Podcast Notes: June 2017

Rory Sutherland on The Psychology of Advertising, Complex Evolved Systems, Reading, Decision Making – May 20, 2017

(10:15)

“By getting us to shift our focus to what’s good about something rather than what we assume to be bad about it, you can synthesize happiness out of nowhere.” -Rory Sutherland

(12:50)

“The biggest source of economic waste is when people produce something that’s objectively brilliant or they produce an invention which should be life changing, but then they tell the wrong story about it and it doesn’t sell. So a great product badly marketed is exactly like a Michelin starred restaurant where, unfortunately, the drains have backed up and there’s a smell of poo that pervades the whole thing.” -Rory Sutherland

Video conferencing should have been marketed as the rich man’s phone call instead of the poor man’s alternative to air travel.

(17:10)

“A very large part of marketing is, really, costly signaling.” -Rory Sutherland [We pay more attention to costly signals because it took more effort to produce them so we assume they are important.]

[We pay more attention to costly signals because it took more effort to produce them so we assume they are important.]

(17:25)

“The cost of something, particularly the upfront cost of something which may only pay off over time, is a very reliable gauge of commitment.” -Rory Sutherland

Example: Black cab drivers in London spend 4 years preparing for the driver knowledge test where they have to know every street and route by memory. Passengers trust the drivers since who would risk losing a career they spent 4 years to start?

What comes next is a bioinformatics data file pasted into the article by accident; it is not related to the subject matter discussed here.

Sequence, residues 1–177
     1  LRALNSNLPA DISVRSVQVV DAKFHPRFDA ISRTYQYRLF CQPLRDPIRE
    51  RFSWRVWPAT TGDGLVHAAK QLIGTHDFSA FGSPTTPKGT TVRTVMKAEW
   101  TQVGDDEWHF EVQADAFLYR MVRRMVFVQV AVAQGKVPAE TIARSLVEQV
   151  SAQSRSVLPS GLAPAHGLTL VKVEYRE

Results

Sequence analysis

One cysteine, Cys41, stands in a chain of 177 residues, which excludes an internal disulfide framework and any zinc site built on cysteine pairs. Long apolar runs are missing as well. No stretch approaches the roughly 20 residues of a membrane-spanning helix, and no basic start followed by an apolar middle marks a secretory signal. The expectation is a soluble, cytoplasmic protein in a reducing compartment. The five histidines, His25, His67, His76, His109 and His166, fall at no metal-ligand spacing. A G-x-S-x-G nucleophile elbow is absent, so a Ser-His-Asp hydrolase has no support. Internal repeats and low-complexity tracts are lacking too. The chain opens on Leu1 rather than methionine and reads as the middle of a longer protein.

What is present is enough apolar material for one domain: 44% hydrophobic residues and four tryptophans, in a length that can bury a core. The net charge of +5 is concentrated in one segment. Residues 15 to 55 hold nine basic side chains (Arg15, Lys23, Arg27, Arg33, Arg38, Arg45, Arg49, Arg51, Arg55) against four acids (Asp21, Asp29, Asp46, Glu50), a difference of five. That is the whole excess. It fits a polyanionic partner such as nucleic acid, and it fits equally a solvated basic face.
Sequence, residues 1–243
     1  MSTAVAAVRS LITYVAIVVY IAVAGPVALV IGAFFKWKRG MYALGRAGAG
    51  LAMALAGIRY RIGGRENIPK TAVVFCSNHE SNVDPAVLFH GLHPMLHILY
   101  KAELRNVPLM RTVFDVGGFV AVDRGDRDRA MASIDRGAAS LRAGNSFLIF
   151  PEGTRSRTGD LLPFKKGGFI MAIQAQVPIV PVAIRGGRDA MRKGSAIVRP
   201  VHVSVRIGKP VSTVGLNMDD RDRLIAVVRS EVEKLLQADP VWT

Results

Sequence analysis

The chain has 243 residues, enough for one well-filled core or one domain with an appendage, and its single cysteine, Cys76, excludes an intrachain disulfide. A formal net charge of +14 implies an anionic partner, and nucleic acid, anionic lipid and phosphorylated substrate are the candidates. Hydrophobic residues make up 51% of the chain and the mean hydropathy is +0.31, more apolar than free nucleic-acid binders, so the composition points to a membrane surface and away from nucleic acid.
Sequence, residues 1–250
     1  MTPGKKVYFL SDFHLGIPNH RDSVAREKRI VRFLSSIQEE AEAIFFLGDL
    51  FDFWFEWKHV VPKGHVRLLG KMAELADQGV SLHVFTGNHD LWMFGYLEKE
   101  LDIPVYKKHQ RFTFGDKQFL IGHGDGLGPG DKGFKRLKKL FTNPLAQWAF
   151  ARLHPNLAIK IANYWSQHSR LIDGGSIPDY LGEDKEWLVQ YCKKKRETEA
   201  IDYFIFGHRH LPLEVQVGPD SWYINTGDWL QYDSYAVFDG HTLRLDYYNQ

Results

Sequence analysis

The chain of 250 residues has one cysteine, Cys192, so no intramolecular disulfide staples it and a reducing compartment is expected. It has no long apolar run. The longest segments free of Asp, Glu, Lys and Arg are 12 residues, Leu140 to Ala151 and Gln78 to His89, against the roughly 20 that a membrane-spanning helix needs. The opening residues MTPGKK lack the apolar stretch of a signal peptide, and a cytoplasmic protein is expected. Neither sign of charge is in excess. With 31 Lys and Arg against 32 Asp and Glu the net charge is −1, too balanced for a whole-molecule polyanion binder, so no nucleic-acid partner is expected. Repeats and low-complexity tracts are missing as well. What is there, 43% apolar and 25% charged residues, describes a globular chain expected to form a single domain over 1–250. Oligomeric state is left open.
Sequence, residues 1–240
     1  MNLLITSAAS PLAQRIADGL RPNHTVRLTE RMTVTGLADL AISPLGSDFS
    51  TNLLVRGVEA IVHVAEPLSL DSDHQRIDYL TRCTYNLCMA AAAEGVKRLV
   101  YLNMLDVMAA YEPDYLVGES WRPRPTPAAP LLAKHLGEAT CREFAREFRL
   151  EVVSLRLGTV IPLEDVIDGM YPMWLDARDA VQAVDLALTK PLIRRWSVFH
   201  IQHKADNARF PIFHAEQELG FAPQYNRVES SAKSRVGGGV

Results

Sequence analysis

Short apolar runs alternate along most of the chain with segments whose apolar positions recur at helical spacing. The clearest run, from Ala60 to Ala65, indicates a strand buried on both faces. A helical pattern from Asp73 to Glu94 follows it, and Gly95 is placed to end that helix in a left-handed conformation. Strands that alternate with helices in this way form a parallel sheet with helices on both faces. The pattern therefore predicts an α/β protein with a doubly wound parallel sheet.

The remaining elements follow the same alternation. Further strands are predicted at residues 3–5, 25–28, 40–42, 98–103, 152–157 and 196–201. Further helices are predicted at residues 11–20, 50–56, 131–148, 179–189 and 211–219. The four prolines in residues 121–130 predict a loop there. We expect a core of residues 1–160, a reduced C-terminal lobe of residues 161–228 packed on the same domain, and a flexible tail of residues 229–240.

Book recommendation: “The Strategic Value of the Emotions” by Robert H. Frank

(27:50)

“It’s impossible for anything rational to successfully evolve because the byproduct of being optimally rational and efficient would be that you’d be predictable, and if you’re completely predictable, you’d be dead.” -Rory Sutherland

(42:00)

Richard Thaler beach beer example: You’re on a beach. There’s a place selling drinks 0.75 miles away. Your friend offers to buy you a beer and bring it back. Since neither of you know the price, your friend asks how much are you willing to pay? If the place selling drinks is described as a shack, people are willing to pay about $3. If the place is described as a boutique hotel bar, people are willing to pay about $6. This seems strange since you’re getting the same thing either way. The expected utility of the cold beer should be the same. However, people aren’t necessarily being irrational. They reason that the boutique hotel bar has higher costs, so they need to pay a higher price to get the drink. “The assumptions of just maximizing expected utility aren’t the whole story in explaining willingness to pay.” -Rory Sutherland

[This is an excellent point! When people buy things, they don’t just think about what they get out of it. They also think about the other side, what others will think, etc.]

(43:15)

“There’s the value we get from the ownership or consumption of an object, and there’s the immediate positive or negative feeling we get from how much we pay for it and under what circumstances” -Rory Sutherland [This explains why sales work so well. Yes, you get the thing you buy, but you also get the emotional satisfaction of buying it below the normal price.]

(46:05)

“Self-deception is evolutionarily advantageous. We deceive ourselves the better to deceive others because the best way to bullshit is to start by believing your own bullshit.” -Rory Sutherland on Robert Trivers’ work on self-deception